Social media is not reality - it is a construct. So-and-so may have a zillion followers on IG and TikTok and dress daily in a top hat, bow tie, and lavender zoot suit paired with eight inch Frankenstein platforms but that means precisely zilch in the real world. Go to a train station or airport, sit at a pavement cafe on a busy city boulevard - spend a month, dawn to dusk doing nothing but people watching, and you’ll be able to count the number of guys in heels on the thumbs of one hand - and that’ll be yourself.

The overwhelming percentage of people do not wish to stand out, let alone dress like a circus clown. There will always be a self identified elite who will go all a-flutter over the click-bait offerings of some publicity hungry designer and because of social media they get outsized attention and imagine that their own cloistered world is the universal one. It isn’t.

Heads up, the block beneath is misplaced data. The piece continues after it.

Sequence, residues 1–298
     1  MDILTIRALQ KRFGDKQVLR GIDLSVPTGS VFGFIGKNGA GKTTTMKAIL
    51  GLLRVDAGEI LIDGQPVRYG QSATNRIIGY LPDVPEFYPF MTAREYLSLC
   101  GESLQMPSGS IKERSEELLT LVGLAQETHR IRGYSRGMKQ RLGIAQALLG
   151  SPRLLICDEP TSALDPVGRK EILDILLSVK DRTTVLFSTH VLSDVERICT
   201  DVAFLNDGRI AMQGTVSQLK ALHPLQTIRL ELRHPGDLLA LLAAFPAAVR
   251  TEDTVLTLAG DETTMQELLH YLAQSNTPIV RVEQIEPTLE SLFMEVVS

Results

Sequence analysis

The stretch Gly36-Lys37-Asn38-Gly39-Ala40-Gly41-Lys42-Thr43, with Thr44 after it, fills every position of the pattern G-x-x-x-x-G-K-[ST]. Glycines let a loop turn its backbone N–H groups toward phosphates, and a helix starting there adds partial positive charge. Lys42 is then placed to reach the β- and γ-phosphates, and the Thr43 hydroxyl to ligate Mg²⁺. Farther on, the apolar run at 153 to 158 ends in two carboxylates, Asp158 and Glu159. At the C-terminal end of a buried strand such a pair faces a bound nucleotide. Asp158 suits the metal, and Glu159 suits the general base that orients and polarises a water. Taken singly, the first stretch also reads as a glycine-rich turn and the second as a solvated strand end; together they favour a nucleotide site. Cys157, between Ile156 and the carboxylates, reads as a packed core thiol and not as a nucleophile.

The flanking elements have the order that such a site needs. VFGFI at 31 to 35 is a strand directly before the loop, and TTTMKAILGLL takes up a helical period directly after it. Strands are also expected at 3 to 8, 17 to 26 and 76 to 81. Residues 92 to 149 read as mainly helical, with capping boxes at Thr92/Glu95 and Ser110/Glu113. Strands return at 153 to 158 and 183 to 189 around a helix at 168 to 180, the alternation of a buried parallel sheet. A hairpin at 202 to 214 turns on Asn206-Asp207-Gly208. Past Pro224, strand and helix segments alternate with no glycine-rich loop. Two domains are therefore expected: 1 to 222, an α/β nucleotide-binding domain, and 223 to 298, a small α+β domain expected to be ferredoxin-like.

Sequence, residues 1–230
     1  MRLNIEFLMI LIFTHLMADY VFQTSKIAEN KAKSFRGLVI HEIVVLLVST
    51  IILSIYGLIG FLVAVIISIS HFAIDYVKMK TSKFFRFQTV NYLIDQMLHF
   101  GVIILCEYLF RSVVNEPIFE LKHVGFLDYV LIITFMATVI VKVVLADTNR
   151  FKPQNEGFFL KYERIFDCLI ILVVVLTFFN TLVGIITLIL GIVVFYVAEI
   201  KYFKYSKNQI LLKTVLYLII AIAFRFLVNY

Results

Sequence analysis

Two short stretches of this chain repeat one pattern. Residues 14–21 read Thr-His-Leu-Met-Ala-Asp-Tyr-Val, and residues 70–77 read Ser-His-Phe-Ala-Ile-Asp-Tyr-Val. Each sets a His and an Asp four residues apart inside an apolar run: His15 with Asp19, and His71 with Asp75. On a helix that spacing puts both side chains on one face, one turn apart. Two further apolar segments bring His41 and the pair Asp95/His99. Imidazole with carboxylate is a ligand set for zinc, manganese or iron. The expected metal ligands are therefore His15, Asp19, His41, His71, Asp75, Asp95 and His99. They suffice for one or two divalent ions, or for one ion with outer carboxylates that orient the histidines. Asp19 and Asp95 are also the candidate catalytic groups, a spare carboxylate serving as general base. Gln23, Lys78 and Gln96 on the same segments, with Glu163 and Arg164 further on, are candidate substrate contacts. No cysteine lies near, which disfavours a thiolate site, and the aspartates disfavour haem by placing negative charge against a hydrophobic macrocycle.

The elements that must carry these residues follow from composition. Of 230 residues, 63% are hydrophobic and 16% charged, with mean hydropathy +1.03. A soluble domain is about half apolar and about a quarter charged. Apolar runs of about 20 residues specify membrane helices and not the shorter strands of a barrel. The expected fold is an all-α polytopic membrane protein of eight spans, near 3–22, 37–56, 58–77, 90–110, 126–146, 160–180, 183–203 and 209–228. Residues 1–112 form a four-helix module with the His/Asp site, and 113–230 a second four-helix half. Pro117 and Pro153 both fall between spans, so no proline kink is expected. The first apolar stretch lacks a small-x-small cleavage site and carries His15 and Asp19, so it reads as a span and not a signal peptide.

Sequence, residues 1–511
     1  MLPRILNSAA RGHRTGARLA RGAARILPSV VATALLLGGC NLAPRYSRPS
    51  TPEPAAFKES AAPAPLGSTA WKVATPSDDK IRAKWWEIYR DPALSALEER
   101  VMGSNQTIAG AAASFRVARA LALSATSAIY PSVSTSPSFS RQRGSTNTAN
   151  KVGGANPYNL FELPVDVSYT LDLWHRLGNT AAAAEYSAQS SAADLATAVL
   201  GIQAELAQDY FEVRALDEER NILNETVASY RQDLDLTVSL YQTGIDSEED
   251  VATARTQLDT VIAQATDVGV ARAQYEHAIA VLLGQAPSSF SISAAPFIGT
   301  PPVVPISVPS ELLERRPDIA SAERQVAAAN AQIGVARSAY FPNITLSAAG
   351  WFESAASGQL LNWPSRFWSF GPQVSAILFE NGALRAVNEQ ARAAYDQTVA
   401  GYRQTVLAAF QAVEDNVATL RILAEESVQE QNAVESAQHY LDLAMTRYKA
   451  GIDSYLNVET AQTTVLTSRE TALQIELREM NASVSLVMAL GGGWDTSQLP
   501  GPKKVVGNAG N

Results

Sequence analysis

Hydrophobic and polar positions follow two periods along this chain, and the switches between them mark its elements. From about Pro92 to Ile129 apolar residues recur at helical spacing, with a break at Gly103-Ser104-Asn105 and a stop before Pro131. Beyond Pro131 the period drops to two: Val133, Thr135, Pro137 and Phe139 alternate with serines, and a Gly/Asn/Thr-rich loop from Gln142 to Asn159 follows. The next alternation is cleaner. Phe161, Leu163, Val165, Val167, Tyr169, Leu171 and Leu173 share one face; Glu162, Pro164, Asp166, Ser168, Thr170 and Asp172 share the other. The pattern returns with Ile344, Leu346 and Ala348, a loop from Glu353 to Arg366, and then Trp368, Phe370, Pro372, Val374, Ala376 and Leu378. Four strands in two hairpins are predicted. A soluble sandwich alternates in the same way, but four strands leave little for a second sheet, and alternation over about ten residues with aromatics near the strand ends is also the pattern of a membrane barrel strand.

That’s like saying Mainstream Media doesn’t affect narratives, culture, or consumer buying preferences.  

As media may be separate from reality, so social media may be separate from reality. But to devalue and discard social medias effect on exposing the broader public to the reality of men in heels is a fools errand.  Even if one wants to just call it propaganda, that doesn't take away from it's effects on people's behavior.

That you personally don’t see it in reality and thus discard social medias influence reminds me of the logical fallacy Argument From Ignorance, "a proposition is false because it has not yet been proven true" 

Regarding other comments, people here have long held the belief that acceptance starts with oneself. Then broadens out to friends, family, co-workers. Etc. 

Edited by kneehighs
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Feminine Style .  Masculine Soul.  Skin In The Game.